Wrinkles that appear on our face can be classified in three categories: dynamic (also called expression lines), static and actinic.
Dynamic wrinkles are caused through movement, particularly of our facial muscles. If the muscles are active, for instance when laughing, the skin on top of the muscles moves, too. This initially causes fine lines to form, which later develop into wrinkles and creases. A classic example of dynamic wrinkles are the so-called laugh lines at the corners of the eyes. Other dynamic wrinkles are crow’s feet, forehead furrows and the “elevens” between the eyebrows.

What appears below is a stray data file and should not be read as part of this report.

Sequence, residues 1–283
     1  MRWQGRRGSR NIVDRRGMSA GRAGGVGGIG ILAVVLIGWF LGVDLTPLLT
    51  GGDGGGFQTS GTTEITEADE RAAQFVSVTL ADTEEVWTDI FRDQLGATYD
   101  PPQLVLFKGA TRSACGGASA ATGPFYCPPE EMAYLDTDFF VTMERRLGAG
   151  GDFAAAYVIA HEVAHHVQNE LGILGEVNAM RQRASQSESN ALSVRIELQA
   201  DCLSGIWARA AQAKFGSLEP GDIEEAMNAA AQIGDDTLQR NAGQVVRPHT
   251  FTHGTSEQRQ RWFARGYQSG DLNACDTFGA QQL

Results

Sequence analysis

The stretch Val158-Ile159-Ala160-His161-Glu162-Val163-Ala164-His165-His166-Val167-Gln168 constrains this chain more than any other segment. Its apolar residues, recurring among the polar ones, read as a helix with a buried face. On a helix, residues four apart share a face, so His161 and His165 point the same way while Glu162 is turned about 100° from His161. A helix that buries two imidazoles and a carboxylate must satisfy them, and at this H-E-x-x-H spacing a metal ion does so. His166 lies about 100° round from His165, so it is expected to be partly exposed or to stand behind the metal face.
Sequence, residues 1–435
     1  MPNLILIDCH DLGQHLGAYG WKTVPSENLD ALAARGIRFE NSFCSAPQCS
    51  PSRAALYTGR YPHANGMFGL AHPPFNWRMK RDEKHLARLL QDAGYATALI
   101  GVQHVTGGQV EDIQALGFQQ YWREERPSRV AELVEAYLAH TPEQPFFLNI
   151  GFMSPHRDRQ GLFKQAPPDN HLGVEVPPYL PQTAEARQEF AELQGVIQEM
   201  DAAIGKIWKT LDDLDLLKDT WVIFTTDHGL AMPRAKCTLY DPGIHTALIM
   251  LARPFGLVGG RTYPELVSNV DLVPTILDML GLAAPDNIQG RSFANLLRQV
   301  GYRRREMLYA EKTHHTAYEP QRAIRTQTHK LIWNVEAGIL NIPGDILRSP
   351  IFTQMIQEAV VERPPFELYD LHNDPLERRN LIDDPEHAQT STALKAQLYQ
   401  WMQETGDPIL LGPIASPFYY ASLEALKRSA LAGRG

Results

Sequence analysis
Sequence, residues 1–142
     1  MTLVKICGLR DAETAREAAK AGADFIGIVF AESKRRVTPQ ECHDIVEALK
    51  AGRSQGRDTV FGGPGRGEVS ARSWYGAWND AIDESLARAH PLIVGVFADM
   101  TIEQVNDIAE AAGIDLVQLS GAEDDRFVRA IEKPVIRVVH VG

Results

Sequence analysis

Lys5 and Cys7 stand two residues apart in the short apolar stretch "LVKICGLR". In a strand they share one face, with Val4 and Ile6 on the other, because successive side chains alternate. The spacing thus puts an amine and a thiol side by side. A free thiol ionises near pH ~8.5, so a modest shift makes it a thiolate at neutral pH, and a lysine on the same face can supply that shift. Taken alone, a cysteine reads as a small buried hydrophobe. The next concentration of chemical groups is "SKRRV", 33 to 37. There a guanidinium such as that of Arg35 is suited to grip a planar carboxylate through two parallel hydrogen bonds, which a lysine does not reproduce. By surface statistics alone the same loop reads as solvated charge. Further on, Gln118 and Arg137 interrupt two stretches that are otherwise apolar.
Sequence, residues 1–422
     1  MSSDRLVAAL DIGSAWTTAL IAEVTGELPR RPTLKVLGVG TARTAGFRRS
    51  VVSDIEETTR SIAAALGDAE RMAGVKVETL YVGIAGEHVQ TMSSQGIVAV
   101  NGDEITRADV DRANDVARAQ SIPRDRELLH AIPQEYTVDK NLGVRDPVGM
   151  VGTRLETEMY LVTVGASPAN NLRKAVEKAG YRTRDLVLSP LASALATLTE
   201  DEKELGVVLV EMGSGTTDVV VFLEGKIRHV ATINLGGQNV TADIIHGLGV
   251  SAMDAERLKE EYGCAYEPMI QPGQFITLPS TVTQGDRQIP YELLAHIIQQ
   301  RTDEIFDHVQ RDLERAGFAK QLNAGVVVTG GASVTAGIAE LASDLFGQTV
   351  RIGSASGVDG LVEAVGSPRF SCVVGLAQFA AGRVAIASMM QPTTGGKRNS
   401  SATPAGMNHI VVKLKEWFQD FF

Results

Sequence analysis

Static wrinkles form on areas of the skin where the subcutaneous muscles slacken, or gravity pulls the skin downwards due to decreasing tissue strength and volume loss. The skin and connective tissue then sage and form these particularly visible wrinkles. The most common types of static wrinkles are the so-called marionette wrinkles, which run from the corners of the mouth down towards the chin. Or the nasiolabial folds between the corners of the mouth and the nostrils.
Actinic wrinkles are caused by external influences, especially excessive sun exposure. They predominantly appear on the face, hands and arms as well as the neck and décolleté.